This AI Can Beat You at Battleship by Learning How to Ask Smart Questions
NYU scientists teach an artificial intelligence program to win at "Battleship" by asking questions.
Researchers at NYU have apparently decided to ruin childhoods and taught an artificial-intelligence system to play the game of Battleship with amazing skill.
In the somewhat modified version of Battleship that this AI can play, it has to find an opponent’s ships hidden on a small grid of squares. All it can do to accomplish that is ask a series of questions that can be answered with a word or a single number.
The AI program demonstrates how machines can learn by asking questions. As reported by Will Knight of MIT Technology Review, the system looks at each question as a miniature program. After it processes what it learns, the program comes up with new and more precise questions.
Researchers Brenden Lake and Todd Gureckis, assistant professors at NYU, as well as Anselm Rothe, a graduate student, translated questions a human would ask to find the ships using a programming language. The questions included such inquiries as “How long is the blue ship?” and “Does the blue ship have four tiles?” or “Do the blue and red ships touch?” The machine then used a probabilistic model to determine which questions were the most useful and how to construct new questions to win the game.
This method of programming AI to generate smart questions is different from the usual approach where machines are simply fed a ton of data from which to come up with their own examples. The researchers see an application of their technology in fields like customer service.
“Having dialogue systems that generate novel questions so that they can get more informative answers on the fly is going to make human-computer interaction more effortless and make these systems more useful and fun to use,” said Brenden Lake.
The AI created by the researchers was actually able to construct “the ultimate question” for the game. It’s not a question a person would be able to follow or answer easily as it uses mathematical logic. But theoretically, answering it would allow the AI to back-calculate the whole board.
You can read the new paper “Question Asking as Program Generation” here.
Pfizer's partnerships strengthen their ability to deliver vaccines in developing countries.
- Pfizer is helping to drive the UN's sustainable development goals through partnerships.
Swiss researchers identify new dangers of modern cocaine.
- Cocaine cut with anti-worming adulterant levamisole may cause brain damage.
- Levamisole can thin out the prefrontal cortex and affect cognitive skills.
- Government health programs should encourage testing of cocaine for purity.
Sarco assisted suicide pods come in three different styles, and allow you to die quickly and painlessly. They're even quite beautiful to look at.
Death: it happens to everyone (except, apparently, Keanu Reeves). But while the impoverished and lower-class people of the world die in the same ol' ways—cancer, heart disease, and so forth—the upper classes can choose hip and cool new ways to die. Now, there's an assisted-suicide pod so chic and so stylin' that peeps (young people still say peeps, right?) are calling it the "Tesla" of death... it's called... the Sarco!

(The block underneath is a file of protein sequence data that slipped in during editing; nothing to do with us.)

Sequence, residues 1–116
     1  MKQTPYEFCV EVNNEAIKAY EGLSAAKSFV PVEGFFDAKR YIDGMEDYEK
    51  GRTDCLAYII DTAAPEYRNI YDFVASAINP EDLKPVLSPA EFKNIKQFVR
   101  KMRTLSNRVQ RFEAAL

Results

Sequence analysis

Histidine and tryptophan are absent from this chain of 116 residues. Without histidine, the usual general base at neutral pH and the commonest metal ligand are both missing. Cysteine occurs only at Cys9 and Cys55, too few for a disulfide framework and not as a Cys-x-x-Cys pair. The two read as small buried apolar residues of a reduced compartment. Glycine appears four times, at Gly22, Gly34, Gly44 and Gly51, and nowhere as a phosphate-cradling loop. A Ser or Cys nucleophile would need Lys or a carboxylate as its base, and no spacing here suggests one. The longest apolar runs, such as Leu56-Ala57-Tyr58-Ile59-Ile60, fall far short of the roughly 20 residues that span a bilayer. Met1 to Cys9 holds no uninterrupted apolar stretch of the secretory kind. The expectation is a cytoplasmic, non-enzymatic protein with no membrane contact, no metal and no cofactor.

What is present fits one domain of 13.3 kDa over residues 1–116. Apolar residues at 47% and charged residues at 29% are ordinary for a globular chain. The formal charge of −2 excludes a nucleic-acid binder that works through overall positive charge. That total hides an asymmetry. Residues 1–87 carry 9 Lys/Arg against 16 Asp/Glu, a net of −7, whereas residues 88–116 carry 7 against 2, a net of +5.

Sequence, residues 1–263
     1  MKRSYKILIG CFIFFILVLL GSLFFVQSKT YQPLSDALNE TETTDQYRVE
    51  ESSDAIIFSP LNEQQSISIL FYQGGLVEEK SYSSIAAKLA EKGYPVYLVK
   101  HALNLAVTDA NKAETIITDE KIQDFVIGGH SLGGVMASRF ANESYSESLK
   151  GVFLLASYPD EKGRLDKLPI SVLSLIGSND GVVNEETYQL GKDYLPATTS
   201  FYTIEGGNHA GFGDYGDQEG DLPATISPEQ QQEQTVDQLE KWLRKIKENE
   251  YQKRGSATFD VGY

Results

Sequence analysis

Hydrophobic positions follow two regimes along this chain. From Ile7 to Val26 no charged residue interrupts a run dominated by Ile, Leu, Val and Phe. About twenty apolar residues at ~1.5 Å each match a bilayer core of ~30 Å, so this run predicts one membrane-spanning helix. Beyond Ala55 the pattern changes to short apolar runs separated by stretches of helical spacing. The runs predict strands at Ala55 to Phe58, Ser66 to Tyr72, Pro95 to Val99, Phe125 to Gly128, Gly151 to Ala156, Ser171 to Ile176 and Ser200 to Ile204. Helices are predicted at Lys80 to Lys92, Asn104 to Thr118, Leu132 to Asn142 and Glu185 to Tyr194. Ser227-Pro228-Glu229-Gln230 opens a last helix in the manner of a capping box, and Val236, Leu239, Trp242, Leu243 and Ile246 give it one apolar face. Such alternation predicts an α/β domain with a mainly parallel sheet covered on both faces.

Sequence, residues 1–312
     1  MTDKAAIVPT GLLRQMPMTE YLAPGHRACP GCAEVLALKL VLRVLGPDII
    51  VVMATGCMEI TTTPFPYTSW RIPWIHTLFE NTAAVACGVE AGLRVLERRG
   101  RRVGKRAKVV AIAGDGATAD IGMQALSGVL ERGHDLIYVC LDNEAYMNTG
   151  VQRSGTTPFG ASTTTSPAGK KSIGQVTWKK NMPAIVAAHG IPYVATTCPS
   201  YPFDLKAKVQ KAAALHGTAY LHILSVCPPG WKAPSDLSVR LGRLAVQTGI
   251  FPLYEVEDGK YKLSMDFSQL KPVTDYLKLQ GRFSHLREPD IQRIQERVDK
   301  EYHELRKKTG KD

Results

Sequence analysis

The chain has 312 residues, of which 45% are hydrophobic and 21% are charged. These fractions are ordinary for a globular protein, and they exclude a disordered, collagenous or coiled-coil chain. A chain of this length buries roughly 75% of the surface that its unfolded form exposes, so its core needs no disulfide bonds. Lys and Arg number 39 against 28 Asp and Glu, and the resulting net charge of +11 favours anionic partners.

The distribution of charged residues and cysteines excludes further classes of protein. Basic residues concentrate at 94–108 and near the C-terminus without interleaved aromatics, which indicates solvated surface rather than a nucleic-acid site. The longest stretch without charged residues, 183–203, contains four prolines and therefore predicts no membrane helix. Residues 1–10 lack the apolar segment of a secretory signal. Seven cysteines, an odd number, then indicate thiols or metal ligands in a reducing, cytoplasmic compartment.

Civil discourse has fallen to an all time low.
The question that the American populace needs to ask itself now is: how do we fix it?
Discursive fundamentals need to be taught to preserve free expression
In their findings the authors state:
upholding First Amendment ideals.
Talking politics at Thanksgiving dinner
- Progressive Activists: younger, highly engaged, secular, cosmopolitan, angry.
- Traditional Liberals: older, retired, open to compromise, rational, cautious.
- Passive Liberals: unhappy, insecure, distrustful, disillusioned.
- Politically Disengaged: young, low income, distrustful, detached, patriotic, conspiratorial
- Moderates: engaged, civic-minded, middle-of-the-road, pessimistic, Protestant.
- Traditional Conservatives: religious, middle class, patriotic, moralistic.
- Devoted Conservatives: white, retired, highly engaged, uncompromising,
It's interesting to note the authors found that:
"Tribe membership shows strong reliability in predicting views across different political topics."
Here are some statistics on differing viewpoints according to political party:
- 51% of staunch liberals say it's "morally acceptable" to punch Nazis.
- 53% of Republicans favor stripping U.S. citizenship from people who burn the American flag.
- 65% of Republicans say NFL players should be fired if they refuse to stand for the anthem.
- 58% of Democrats say employers should punish employees for offensive Facebook posts.
- 47% of Republicans favor bans on building new mosques.
Here are some guidelines for civic discourse that might come in handy:
- Practice inclusion and listen to who you're speaking to.
Civic discourse in the divisive age
dangerously tribal, fueled by a culture of outrage and taking offense. For the combatants,
the other side can no longer be tolerated, and no price is too high to defeat them.
These tensions are poisoning personal relationships, consuming our politics and
putting our democracy in peril.
Once a country has become tribalized, debates about contested issues from
immigration and trade to economic management, climate change and national security,
become shaped by larger tribal identities. Policy debate gives way to tribal conflicts.
Polarization and tribalism are self-reinforcing and will likely continue to accelerate.
The work of rebuilding our fragmented society needs to start now. It extends from
re-connecting people across the lines of division in local communities all the way to
building a renewed sense of national identity: a bigger story of us."
SMARTER FASTER trademarks owned by The Big Think, Inc. All rights reserved.